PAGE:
In greatness usually only imaginable in my wildest dreams, my obsession with French sixties pop music and American gangsters came together in a beautiful union in 1967. One of the most famous (and infamous) couples of the Sixties, bombshell sex symbol Brigitte Bardot and famed womanizer Serge Gainsbourg, took on the roles of a perhaps even more infamous pair of lovers: Clyde Barrow and Bonnie Parker. While I love me some Dillinger and Ma Barker, and I'm fascinated by the men from Murder Inc., Bonnie and Clyde still hold the top spot for me. It's not just their terribly romanticized lifestyle that's been perpetuated over the years (I know that Bonnie didn't really wear heels, and those pencil skirts would've slowed down her getaway run) - though I do love buying into that - but also because they were born, bred, robbing, and dead in my hometown. (Both Bonnie and Clyde are buried in Dallas, and I once ate at a restaurant that used to be a famous jail, and dined in the cell that once housed W.D. Jones, member of the Barrow Gang. I know, I'm awesome).
Serge and Brigitte's song "Bonnie and Clyde" was recorded in 1967, perhaps the peak of the pop culture obsession with these Depression-era bank robbers, as it was also the year that Arthur Penn released his film Bonnie and Clyde. The film changed the entire nature of cinema, ushering in the New Hollywood era, and also launching the careers of Faye Dunaway, Gene Hackman, Estelle Parsons (who won an Oscar for her role as Blanche Barrow), and Gene Wilder (in his very first film role), as well as cementing Warren Beatty as a major player in Hollywood (he produced, starred, and gave uncredited contributions to the script of the film).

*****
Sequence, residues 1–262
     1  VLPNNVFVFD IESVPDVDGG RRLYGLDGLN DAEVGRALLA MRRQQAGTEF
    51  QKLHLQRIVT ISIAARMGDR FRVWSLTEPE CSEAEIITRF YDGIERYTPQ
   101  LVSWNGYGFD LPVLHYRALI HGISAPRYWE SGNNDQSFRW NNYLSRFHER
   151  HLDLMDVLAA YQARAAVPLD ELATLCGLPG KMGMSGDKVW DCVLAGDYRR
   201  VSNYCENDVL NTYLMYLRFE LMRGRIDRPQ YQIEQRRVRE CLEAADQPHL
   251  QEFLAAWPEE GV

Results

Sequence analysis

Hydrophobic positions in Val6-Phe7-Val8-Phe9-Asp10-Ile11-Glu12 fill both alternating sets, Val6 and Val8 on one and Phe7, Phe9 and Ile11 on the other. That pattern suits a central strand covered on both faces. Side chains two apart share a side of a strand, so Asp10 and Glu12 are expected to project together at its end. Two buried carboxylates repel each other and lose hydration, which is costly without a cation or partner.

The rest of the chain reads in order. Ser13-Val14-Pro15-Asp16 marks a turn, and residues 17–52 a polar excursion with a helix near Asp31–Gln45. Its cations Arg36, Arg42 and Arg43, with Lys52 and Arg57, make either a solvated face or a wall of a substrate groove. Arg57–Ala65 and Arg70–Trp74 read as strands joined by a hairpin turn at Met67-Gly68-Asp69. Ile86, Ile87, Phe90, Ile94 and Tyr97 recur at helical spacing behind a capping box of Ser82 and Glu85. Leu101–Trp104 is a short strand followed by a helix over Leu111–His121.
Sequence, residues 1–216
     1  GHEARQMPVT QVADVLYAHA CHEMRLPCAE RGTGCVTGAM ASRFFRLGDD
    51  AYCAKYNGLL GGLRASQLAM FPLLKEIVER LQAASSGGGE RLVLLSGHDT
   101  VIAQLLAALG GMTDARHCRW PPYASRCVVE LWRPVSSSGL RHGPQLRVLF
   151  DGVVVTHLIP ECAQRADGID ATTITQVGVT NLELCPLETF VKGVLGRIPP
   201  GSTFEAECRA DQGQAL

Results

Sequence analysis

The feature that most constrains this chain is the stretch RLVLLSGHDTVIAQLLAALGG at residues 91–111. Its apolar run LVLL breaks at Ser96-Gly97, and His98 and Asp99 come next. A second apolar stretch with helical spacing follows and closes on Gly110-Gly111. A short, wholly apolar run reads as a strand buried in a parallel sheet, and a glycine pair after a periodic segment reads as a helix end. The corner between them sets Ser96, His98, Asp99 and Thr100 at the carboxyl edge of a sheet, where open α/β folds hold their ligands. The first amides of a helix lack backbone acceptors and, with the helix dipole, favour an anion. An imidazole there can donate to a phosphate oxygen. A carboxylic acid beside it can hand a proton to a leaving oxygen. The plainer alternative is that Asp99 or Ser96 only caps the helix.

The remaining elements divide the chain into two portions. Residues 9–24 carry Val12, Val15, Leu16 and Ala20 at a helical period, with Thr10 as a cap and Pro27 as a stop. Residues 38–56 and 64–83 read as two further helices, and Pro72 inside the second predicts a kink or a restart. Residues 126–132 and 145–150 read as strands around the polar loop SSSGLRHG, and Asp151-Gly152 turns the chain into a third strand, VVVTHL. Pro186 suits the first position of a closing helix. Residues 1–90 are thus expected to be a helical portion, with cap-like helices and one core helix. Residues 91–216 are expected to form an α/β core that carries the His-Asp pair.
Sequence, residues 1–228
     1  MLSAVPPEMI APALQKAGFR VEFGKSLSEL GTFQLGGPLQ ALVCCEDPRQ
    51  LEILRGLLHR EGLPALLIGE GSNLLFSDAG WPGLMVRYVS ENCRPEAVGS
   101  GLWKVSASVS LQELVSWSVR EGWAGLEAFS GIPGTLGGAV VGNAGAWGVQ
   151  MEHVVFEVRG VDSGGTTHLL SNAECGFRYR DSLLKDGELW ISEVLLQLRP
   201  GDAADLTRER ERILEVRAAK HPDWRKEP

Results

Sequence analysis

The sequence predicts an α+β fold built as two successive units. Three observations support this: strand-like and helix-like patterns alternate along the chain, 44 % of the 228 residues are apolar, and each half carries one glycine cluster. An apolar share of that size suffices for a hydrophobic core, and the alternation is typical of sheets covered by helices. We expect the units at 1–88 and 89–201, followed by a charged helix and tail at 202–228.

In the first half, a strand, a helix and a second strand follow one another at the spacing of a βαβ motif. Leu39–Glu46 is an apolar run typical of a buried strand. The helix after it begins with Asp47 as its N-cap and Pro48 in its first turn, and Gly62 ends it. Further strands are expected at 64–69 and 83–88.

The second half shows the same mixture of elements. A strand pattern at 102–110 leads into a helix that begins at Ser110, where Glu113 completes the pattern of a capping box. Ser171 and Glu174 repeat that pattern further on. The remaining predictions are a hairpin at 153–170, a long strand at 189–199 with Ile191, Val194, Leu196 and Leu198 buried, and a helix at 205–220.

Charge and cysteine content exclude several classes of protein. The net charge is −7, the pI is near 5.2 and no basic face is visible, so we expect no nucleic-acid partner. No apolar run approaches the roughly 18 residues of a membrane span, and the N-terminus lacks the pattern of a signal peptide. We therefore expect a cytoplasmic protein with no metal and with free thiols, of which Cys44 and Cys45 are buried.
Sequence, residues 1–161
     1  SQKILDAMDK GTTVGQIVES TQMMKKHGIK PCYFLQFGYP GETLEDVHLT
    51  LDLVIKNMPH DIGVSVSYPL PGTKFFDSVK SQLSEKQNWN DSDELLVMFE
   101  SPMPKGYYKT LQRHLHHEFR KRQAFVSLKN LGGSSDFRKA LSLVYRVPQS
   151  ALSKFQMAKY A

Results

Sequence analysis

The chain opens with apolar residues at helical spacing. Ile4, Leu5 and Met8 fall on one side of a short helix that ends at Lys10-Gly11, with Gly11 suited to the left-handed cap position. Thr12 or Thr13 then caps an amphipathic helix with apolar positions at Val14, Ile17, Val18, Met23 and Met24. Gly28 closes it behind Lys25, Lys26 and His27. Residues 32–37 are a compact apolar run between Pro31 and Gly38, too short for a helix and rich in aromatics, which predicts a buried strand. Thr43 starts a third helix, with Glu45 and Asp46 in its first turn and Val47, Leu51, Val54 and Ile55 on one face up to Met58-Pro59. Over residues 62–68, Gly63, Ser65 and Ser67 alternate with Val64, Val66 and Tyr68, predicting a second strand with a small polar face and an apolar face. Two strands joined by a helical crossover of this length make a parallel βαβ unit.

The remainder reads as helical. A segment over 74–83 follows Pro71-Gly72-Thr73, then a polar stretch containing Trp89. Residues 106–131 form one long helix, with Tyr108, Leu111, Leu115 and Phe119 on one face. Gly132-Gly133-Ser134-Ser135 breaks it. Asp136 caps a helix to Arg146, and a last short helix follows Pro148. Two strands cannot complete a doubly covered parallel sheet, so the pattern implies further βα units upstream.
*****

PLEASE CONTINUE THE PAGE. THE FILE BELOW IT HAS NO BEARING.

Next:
More importantly (to me at least), the film also tremendously influenced fashion, with the glam gal-on-the-run look coming back to the runways and magazines at least once every two years. (You can read my post on Faye's Bonnie looks here). It is no coincidence that Bardot is dressed in snug printed blouses, tailored pencil skirts, berets atop short blonde bobbed hair - the very same style of dress that Dunaway wore in the film. Serge and Brigitte prefer to channel the glammed, sexy version of Bonnie and Clyde, rather than the rough-and-tumble reality of the two on-the-run gangsters.
The song is typical Gainsbourg genuis - sometimes a bit random, and always a bit inappropriate, the darker tones of the song are masked by the catchy melody and the sweet singing voices of the duo. The lyrics were inspired by a poem entitled "The Trail's End" (now known as "The Story of Bonnie and Clyde"), written by Miss Parker herself only weeks before her and Clyde's fatal shootout with the police.
Released in 1968, the tune and its accompanying video are both classic. The song is a must-have for fans not just of American gangster heroes and history, and not just for fans of French pop by the likes of Bardot and Gainsbourg, but for anyone who likes a fun tune to cruise around in their car and listen to with their windows rolled down. Trust me, if you do it you'll feel like a supreme badass.
Title: from "Bonnie and Clyde" (Serge Gainsbourg and Brigitte Bardot)